European Western Balkans: Mr McAllister, thank you for your time. Let us begin with a topic that is not adequately covered by the media in the Western Balkans, the „Brexit“. What are the main consequences of this decision for the UK? What do you think will be the results of this referendum for EU enlargement?
David McAllister: On 23 June, the British people voiced their will to leave the European Union. For me personally, this is a very sad result and I deeply regret it. Now, in order to avoid a spell of prolonged uncertainty it is important that the European Union does not negotiate about the conditions of a withdrawal before Article 50 TEU has been triggered. The first step has to be taken by the UK Government. It must decide what sort of relationship it wants to have with the other 27 member states.
The outcome of the EU referendum in the United Kingdom should not have any effect on the EU’s determination to proceed with the enlargement process and to support the reform agenda in the countries involved. However, with the United Kingdom leaving the European Union, the countries of the Western Balkans are losing a key advocate of enlargement.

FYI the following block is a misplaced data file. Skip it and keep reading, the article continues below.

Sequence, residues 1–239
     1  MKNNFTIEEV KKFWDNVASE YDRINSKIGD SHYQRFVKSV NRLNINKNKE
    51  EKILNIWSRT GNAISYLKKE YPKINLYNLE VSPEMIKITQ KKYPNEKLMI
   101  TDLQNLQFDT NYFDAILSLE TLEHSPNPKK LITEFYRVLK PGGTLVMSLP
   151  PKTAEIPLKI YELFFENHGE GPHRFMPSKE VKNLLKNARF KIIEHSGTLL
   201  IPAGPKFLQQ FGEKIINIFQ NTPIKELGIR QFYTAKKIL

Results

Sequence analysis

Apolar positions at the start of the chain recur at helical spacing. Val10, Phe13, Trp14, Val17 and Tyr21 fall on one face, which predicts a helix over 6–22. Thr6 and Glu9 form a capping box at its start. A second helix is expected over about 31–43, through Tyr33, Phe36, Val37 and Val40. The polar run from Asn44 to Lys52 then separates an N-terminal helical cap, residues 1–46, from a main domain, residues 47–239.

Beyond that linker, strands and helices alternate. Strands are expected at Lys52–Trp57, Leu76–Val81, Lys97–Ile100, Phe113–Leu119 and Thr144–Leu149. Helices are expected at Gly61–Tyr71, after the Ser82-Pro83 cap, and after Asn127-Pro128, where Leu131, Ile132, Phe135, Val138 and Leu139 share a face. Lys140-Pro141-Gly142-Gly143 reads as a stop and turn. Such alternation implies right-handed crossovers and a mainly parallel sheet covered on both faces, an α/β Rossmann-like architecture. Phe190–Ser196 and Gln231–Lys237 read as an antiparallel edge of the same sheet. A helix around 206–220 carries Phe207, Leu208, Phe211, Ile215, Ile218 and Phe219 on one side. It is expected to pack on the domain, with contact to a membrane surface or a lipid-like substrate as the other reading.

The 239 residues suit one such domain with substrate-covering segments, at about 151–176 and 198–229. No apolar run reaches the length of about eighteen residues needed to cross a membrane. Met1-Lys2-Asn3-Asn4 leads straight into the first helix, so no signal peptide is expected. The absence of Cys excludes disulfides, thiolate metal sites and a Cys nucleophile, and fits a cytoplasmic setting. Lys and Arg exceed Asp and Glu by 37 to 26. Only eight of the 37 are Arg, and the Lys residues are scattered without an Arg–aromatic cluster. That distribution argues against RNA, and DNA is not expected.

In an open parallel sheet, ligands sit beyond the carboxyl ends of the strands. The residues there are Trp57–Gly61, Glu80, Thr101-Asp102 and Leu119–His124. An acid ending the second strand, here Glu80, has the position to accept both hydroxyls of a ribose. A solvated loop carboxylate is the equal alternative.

EWB: You will be a guest speaker at the international conference “The European Union’s Global Strategy on Foreign and Security Policy and the Western Balkans” this week in Belgrade. Can you tell us, from your perspective, what are the biggest threats for the Western Balkans countries at this moment in time? Abandoning of the policy of enlargement by the EU, or is there something else?
DM: The region is confronted with major tasks. The strengthening of the rule of law, the fight against corruption and organised crime, the stagnating socio-economic development, the involvement of Civil Society Organisations in the democratic process, the deteriorating situation of media freedom and the consequences of unresolved bilateral issues to just name a few. However, the countries of the Western Balkans have in the past experienced a process of political, institutional, legal, social and economic reform and transformation, with the objective of bringing the country into the European Union. This process is far from being complete. But sustainable change takes time and I am certain that Serbia and the other countries in the Western Balkans will continue on their respective paths towards the European Union.
EWB: There is a significant decline in support for EU membership in Serbia and certain Russian influences are visible, even regarding the composition of the new Serbian government. Do you think this Russian influence can be a serious threat for the EU integration of Serbia and where do you see the position on Serbia between EU and NATO on one, and Russia on the other side?